After an object or objects are assigned to gsprites, the image processor divides the gsprites into image regions called "chunks" (248). The image preprocessor loops on gsprites and divides the gsprites into chunks (246, 248). In one embodiment, this process includes transforming bounding volumes of objects to the view space and finding rectangular image regions that enclose the transformed bounding volumes. These image regions define the dimensions of the gsprite in terms of the two-dimensional space to which the gsprite's object or objects are rendered. The gsprite is divided into chunks by dividing the rectangular image region into chunks and associating these chunks with the gsprite data structure.
As an optimization, the transformed bounding volume can be scaled and/or rotated so that the number of chunks required to render the gsprite is minimized. Because of this added transformation (scaling or rotating), the space to which the objects assigned to the gsprite are rendered is not necessarily screen space. This space is referred to as gsprite space. In the process of generating a display image, the gsprite should be transformed back to screen space.
The next step is determine how to divide the object geometry among the chunks (250). The image preprocessor determines how the geometric primitives (e.g. polygons) should be divided among the chunks by transforms the polygons to 2-D space (252) and determining which chunk or chunks the polygons project into. Due to the expense of clipping polygons, the preferred approach is to not clip the polygons lying at the edge of a chunk. Instead, a chunk includes polygons that overlap its edge. If a polygon extends over the border of two chunks, for example, in this approach the vertices of the polygon are included in each chunk.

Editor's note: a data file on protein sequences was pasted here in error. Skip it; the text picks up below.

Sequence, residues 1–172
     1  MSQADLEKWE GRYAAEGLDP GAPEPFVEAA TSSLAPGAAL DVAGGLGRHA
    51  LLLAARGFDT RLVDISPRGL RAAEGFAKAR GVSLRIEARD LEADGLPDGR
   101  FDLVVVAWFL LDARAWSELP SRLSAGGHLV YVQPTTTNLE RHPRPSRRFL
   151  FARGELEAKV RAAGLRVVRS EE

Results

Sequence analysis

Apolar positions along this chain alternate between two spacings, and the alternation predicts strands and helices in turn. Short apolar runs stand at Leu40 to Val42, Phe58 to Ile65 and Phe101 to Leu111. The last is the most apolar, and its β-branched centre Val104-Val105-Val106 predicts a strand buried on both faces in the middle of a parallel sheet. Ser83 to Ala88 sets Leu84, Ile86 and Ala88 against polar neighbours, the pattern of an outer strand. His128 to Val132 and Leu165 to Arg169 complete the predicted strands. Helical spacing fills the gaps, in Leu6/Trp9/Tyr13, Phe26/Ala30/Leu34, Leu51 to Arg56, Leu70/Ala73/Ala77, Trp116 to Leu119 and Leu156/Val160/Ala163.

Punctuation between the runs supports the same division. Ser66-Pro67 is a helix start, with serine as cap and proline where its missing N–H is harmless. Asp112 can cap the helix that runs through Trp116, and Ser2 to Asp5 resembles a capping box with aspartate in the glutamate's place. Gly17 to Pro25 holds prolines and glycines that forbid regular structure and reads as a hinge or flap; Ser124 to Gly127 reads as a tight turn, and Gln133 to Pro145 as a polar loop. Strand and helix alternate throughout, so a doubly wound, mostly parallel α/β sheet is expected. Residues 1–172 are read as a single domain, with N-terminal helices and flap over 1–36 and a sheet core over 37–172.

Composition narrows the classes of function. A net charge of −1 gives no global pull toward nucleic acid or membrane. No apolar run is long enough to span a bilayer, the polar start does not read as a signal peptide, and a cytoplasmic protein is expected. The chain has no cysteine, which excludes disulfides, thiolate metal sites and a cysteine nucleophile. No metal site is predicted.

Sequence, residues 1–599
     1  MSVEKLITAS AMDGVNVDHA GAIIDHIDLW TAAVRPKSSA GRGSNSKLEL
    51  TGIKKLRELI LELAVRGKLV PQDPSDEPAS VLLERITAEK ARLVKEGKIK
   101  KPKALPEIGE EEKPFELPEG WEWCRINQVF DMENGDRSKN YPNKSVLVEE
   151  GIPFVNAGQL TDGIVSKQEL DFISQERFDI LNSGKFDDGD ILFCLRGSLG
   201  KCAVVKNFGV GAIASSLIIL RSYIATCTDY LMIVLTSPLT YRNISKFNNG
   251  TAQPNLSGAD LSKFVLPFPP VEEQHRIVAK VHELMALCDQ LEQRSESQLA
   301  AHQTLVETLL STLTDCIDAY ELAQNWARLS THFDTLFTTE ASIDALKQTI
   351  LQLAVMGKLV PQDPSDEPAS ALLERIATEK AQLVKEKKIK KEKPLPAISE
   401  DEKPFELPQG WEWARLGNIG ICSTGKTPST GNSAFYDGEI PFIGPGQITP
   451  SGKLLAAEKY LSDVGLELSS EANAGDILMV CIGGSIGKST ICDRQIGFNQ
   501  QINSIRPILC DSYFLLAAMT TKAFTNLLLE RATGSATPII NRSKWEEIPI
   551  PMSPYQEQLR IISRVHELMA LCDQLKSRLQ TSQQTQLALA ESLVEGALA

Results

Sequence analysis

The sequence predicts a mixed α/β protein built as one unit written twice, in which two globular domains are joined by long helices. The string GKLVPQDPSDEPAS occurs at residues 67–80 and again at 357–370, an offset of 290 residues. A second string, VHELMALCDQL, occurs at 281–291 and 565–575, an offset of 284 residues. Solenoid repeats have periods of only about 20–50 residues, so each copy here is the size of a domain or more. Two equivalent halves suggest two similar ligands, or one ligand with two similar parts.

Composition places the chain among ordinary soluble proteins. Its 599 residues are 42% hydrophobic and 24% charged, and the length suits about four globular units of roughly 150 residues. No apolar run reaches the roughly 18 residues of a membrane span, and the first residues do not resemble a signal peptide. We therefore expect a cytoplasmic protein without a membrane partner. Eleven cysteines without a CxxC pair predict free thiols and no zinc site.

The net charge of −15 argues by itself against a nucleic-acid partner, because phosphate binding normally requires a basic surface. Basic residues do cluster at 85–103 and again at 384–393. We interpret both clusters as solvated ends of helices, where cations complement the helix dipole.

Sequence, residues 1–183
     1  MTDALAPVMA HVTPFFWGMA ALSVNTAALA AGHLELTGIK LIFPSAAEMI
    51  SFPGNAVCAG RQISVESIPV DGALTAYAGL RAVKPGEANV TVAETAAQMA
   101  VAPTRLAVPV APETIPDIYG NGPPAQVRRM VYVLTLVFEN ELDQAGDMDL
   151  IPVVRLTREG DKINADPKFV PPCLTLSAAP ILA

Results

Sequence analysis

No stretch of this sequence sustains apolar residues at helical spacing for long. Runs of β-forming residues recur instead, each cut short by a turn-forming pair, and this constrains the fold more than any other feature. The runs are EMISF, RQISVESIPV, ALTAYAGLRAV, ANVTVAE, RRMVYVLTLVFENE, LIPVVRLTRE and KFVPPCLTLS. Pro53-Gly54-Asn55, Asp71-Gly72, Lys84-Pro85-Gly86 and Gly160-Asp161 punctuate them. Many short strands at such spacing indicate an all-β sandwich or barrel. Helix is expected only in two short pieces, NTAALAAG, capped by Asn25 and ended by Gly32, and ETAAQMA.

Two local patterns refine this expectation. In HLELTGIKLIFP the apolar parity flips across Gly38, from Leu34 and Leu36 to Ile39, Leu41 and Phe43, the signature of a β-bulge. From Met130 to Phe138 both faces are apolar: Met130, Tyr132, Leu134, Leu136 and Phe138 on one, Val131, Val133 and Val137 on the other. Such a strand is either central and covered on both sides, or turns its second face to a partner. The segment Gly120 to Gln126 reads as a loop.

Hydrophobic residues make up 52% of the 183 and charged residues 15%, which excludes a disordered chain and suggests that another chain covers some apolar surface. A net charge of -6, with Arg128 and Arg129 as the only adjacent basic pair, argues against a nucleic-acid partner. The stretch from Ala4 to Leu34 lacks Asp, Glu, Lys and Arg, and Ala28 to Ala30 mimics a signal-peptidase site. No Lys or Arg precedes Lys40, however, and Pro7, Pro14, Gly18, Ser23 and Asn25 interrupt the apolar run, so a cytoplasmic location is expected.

The image preprocessor then queues the chunk data for tiling. Tiling refers to the process of determining pixel values such as color and alpha for pixel locations covered or partially covered by one or more polygons.
Decision step (254) (FIG. 5B) and the step (256) following it represents the process of tiling the polygons within the chunk. While the image processor has included polygons that overlap the boundaries of the current chunk, it only produces pixels that lie within the chunk. The produced pixels include information for antialiasing (fragment records), which are stored until all pixels have been generated.